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Saturday, March 29

Reality of war sinks in for 'mortuary affairs' Marines

By John Bebow | The Detroit News

CENTRAL IRAQ - The bodies of Iraqi soldiers lay face down in their long, deep fighting trench near the highway. One lost half his skull, blown away by artillery or a large-caliber bullet. A blood stain covered the next, shot once in his left side.

They seemed like miniature soldiers, just more than five feet long, a small loaf of bread near one, a thin blanket near another, each a monument to the overpowering force of U.S. Marines moving north to confront Saddam Hussein.

Yet Iraq's soldiers are fighting in every field and town en route to Baghdad. As the first full week of war came to a close - with news from Washington that it could take months and require a siege against Baghdad - Marines settled in for the work ahead.

"We all thought we'd be in Baghdad on day six," said Staff Sgt. Mike Brown, from Detroit. "That's what the higher-ups were thinking."

Two weeks ago, Brown and his platoon of "mortuary affairs" Marines were joking around in a camp in the rear, performing mock rifle drills with bottles of water, hoping to stay bored.

Instead, on Friday, this body-recovery team stacked 26 Iraqi soldiers in a mass grave. They were cleaning up after a firefight three days earlier, when Marine infantry troops fired away until it was clear for a sprawling complex of ammunition dumps, helicopter-landing zones and refueling stations.

Two lance corporals from central Ohio, Hans Comprix and Randy Aragon, gingerly pulled a grenade from the pocket of one dead Iraqi.

"We'll stay out here as long as it takes," Comprix said, as they lifted the soldier into a shiny black body bag.

Tasked with the most macabre war mission, the mortuary affairs Marines scrawled sayings of wisdom and dark humor on their helmets.

Their commanding officer's said: "If you can read this, you're having a good day."

Aragon's said: "Don't Be The One."

On Thursday, these body-collectors faced their first fallen Marine of the war. A gunnery sergeant. He had a wife and child at home. The bullet hit him in the face.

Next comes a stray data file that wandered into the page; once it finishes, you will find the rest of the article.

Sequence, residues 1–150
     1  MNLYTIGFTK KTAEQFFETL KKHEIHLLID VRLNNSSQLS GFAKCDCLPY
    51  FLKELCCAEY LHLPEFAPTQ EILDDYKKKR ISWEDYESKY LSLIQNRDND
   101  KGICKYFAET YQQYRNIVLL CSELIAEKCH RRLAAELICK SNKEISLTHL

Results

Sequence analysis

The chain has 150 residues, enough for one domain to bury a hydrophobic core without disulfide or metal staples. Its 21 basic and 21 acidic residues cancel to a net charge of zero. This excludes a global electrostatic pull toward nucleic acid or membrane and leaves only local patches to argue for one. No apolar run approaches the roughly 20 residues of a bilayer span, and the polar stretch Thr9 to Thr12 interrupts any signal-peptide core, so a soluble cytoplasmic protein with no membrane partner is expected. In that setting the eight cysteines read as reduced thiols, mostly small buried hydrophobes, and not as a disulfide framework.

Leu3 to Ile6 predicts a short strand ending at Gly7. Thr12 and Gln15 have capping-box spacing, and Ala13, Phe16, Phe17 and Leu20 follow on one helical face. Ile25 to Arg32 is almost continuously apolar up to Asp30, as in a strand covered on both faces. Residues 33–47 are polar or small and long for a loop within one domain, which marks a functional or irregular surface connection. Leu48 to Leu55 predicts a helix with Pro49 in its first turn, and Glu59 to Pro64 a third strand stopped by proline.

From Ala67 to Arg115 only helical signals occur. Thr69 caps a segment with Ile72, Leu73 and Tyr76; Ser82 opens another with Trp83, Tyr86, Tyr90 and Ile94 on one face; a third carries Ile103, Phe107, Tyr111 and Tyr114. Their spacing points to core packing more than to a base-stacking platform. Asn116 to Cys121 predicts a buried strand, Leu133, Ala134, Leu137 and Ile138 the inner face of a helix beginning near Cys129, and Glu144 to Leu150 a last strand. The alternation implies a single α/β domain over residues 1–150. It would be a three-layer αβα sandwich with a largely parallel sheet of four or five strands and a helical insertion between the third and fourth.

"It looked like it almost missed him," Brown said. "Reality is setting in when we have to bury our own. It's pretty tough. But we don't worry about nightmares. We've got a job to do."

They worked Friday in weather like June in Michigan. A bright sun and warm breeze followed a crisp night. Spindly gray bushes grew from a mix of sand and muck resembling red Georgia clay.

With the constant, deafening thump-thump-thump of choppers flying just overhead, the roadside camps felt almost like a set for a Vietnam War movie.

1st Sgt. Scott de Carrillo, of Oakland, Calif., worried that a queasy American public would see too much similarity between Vietnam and Iraq.

``Vietnam just won't go away," said de Carrillo, an 18-year veteran of the Marines who helps run a supply camp just behind the fighting grunts. "A lot of what I'm hearing is that the American people are surprised this is taking longer than a week. What they need to understand is that we are committed to a mission, a cause we believe in, and it's better to do it here and now than suffer the cost of inaction in the years to come."

Others, mostly younger, inexperienced Marines, responded with epithets when told that war planners had no timetable for completing the battle to remove Saddam Hussein. But few, if any, Marines are willing to put their names behind such criticism of their commander-in-chief, especially this early in the war.

One of the youngest Marines in Iraq took a more patient approach Friday. "I told my mom I thought we'd be home in November," said Pfc. Latyra Sayers, 18, from Ann Arbor, Mich. "I still think we can make it before then."

For three days, Sayers could look down from her security post at an ammunition dump not far from the front lines and see a dead Iraqi soldier in the trench behind her.

She kept her back turned to it.

"I don't need to go looking around," she said. "Seeing the bodies, just one made it real for me. This is not a tourist attraction. Those were actual people. I know if it were me, I wouldn't want to be gawked at."

Sayers said she wouldn't mind a slow fight, or a siege against Baghdad, if it saved lives.

"I'll suck it up," she said. "I don't want to slaughter all these people if there is an alternative solution."